LAST WEEK, with international terrorism still the center of attention, the Senate Judiciary Committee held hearings on a different kind of domestic security issue: the reauthorization of the Violence Against Women Act. The legislation, which funds programs aiding victims of sexual assault and family violence, is the kind of measure no one wants to oppose for fear of appearing insensitive or even antiwoman. But maybe now, 11 years after the passage of the original measure, is a good time to reevaluate some of its premises and policies.
The act, first introduced by Democratic Senator Joe Biden and later championed by some leading conservatives such as Republican Senator Orrin Hatch, could be seen an example of positive and mainstream feminist accomplishment. But underneath its mainstream trappings, the 1994 bill was steeped in a radical feminism of the ''men bad, women good" variety -- an ideology which regards domestic abuse and rape as part of a collective male war against women. Ironically, the law's political success was partly due to the fact this kind of feminism dovetails easily with a traditional, putting-women-on-a-pedestal paternalism.
Despite its ideological origins and its reliance on inflated statistics (such as the long-debunked claim that ''battering is the single largest cause of injury to women in the US"), the act has undoubtedly done some good. Reauthorized in 2000, it contained many beneficial practical measures in the area of victim services and criminal justice: for instance, making restraining orders issued in one state enforceable in another, or making abusers subject to federal charges if they cross state lines to stalk or assault victims. It also encouraged some solid research on domestic violence, sexual assault, and related issues.
Unfortunately, it also helped enshrine a dogmatic and one-sided approach to family violence. For one, while the legislation is ostensibly gender-neutral, its very title reflects the notion that partner abuse is a ''women's issue" -- leading, in some cases, to confusion over whether programs serving male victims are even eligible for grant money. At last week's hearings, the issue of abused men was explicitly acknowledged. According to Dave Burroughs, a Maryland-based activist on behalf of male victims who did not testify but attended the session, Senate Judiciary Committee chairman Arlen Specter specifically questioned a witness on the availability of services for men and noted that according to federal crime surveys, 12 percent of domestic assault victims are male. (In other studies which do not focus on whether the respondent regards the attack as a crime, that figure goes up to about 40 percent.)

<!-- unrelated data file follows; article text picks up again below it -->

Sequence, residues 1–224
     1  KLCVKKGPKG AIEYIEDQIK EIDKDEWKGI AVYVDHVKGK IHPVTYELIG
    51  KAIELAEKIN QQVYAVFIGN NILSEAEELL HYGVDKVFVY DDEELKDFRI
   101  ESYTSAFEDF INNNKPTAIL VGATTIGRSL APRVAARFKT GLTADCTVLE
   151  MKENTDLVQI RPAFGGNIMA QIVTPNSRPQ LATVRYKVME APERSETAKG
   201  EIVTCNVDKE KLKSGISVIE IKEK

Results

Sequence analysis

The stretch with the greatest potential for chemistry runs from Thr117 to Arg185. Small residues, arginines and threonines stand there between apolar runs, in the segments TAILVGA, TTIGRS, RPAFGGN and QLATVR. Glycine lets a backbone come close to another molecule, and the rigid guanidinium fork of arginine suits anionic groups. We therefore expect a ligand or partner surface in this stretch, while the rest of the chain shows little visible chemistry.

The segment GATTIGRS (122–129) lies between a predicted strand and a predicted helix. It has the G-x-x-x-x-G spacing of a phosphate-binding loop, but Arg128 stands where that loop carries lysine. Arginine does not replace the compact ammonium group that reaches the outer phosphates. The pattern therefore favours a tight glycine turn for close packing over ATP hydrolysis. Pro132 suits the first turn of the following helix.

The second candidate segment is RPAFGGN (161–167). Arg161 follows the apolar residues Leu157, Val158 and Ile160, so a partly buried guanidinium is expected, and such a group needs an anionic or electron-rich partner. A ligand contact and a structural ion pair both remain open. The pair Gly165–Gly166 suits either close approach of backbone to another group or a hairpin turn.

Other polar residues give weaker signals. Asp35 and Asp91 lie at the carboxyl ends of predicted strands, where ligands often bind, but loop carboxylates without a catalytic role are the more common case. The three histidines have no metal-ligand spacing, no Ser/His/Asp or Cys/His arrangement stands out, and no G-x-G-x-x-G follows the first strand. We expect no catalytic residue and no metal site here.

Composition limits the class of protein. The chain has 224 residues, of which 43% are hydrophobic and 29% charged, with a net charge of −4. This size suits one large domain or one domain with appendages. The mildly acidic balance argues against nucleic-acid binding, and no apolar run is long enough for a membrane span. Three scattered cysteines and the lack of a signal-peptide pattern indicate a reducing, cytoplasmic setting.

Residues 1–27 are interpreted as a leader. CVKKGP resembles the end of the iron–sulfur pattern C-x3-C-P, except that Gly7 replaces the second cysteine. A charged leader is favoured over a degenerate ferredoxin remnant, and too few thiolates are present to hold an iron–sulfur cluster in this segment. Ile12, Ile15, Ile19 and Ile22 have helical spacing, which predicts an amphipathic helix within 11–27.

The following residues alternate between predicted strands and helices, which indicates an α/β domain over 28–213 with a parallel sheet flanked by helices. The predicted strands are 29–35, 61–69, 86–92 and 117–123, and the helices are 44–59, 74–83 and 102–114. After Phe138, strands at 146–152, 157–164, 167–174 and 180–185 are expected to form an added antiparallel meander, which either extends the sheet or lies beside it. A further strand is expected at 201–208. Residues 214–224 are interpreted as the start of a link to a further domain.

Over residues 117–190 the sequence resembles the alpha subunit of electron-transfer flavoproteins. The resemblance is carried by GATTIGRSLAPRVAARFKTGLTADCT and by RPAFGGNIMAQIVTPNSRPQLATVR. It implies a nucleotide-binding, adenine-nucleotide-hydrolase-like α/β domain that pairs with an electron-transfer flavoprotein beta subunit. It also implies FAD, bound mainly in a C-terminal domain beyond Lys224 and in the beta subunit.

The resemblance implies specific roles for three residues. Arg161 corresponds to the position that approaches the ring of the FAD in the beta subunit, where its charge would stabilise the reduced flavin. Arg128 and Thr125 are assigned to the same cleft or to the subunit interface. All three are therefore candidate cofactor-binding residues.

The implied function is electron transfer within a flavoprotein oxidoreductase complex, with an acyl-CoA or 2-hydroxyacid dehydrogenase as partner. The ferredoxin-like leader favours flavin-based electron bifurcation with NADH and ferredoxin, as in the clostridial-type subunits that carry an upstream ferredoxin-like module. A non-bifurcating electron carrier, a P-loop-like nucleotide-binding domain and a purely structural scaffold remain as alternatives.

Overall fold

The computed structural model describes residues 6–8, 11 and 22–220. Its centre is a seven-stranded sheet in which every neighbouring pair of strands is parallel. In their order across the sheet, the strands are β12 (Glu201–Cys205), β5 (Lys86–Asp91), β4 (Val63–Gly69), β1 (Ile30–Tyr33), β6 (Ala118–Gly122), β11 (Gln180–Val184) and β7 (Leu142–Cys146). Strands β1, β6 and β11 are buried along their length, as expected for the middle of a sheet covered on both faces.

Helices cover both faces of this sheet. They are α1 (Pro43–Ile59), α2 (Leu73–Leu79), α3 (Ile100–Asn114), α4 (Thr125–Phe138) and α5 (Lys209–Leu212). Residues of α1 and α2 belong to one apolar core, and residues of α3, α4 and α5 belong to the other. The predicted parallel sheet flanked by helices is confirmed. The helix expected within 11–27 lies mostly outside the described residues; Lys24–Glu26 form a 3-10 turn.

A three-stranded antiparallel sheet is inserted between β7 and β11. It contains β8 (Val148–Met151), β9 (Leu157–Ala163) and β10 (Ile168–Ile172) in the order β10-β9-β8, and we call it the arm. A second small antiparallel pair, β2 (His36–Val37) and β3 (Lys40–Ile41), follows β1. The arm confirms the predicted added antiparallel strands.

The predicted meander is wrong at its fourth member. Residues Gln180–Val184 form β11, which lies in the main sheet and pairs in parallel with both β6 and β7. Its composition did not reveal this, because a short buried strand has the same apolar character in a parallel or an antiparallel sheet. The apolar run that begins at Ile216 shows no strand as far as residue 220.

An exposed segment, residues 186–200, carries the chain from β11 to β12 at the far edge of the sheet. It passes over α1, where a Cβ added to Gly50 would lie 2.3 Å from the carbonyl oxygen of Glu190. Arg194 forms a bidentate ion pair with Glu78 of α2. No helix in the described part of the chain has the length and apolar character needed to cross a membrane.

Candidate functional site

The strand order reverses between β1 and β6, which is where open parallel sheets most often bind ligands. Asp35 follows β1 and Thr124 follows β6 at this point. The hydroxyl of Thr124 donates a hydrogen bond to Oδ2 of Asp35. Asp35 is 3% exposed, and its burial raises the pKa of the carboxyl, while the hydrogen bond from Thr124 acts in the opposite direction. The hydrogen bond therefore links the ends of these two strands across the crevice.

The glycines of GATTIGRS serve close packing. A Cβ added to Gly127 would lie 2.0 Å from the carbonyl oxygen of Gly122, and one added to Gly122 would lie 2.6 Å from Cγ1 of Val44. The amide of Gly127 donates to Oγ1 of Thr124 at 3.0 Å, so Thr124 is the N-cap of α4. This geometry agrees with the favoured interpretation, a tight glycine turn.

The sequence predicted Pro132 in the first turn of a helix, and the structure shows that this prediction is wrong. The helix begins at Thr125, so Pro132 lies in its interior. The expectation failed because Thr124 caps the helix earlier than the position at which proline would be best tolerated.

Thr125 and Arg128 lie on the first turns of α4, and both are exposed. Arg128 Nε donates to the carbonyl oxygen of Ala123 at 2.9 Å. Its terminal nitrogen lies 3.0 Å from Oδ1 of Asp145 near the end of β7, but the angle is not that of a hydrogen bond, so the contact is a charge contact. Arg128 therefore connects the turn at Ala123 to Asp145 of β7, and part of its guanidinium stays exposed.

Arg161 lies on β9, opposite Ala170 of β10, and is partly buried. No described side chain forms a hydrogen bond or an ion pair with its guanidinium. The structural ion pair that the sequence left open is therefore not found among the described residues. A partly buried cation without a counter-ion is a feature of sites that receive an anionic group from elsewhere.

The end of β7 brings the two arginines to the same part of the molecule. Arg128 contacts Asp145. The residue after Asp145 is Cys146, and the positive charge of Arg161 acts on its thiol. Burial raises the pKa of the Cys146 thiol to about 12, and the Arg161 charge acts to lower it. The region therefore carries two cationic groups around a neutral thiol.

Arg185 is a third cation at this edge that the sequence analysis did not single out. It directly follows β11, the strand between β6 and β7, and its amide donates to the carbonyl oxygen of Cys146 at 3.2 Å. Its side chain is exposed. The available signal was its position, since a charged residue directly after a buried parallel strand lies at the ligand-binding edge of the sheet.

In fact, some aspects of the act promote covert gender bias. For instance, the legislation requires states and jurisdictions eligible for federal domestic violence grants not only to encourage arrests in domestic assault cases, but also to ''discourage dual arrest of the offender and the victim." This provision is based on the false belief that in cases of mutual violence, one can nearly always draw a clear line between the aggressor and the victim striking back in self-defense. While the language is ostensibly gender-neutral, the assumption is that the aggressor is male; the feminist groups which pushed for this clause made no secret of the fact that its goal was to curb arrests of women.
The law has also created a symbiotic relationship between the federal government and the battered women's advocacy movement, which is heavily permeated by radical feminist ideology. The state coalitions against domestic violence, which formally require member organizations to embrace the feminist analysis of abuse as patriarchal coercion, play a vital role in the allocation of federal grants and in overseeing the implementation of programs and policies. Among other things, these groups frown on any batterer intervention programs that focus on drug and alcohol abuse or mental illness as causes of domestic violence.
Here are two modest proposals for reauthorizing the measure. First, give the legislation a gender-neutral title such as ''The Family Violence and Sexual Assault Prevention Act." Second, abolish the special role of feminist-dominated domestic violence coalitions in shaping federally funded domestic violence programs. The bill should direct each state to create a domestic violence board on which no more than a quarter or a third of the seats can be filled by members of battered women's advocacy groups. The rest should be filled by scholars, mental health professionals, and community activists. Over the past decades, our understanding of domestic violence has expanded beyond feminist orthodoxy to a more complex view. Our federal policies should reflect this ideological diversity.
Cathy Young is a contributing editor at Reason magazine. Her column appears regularly in the Globe.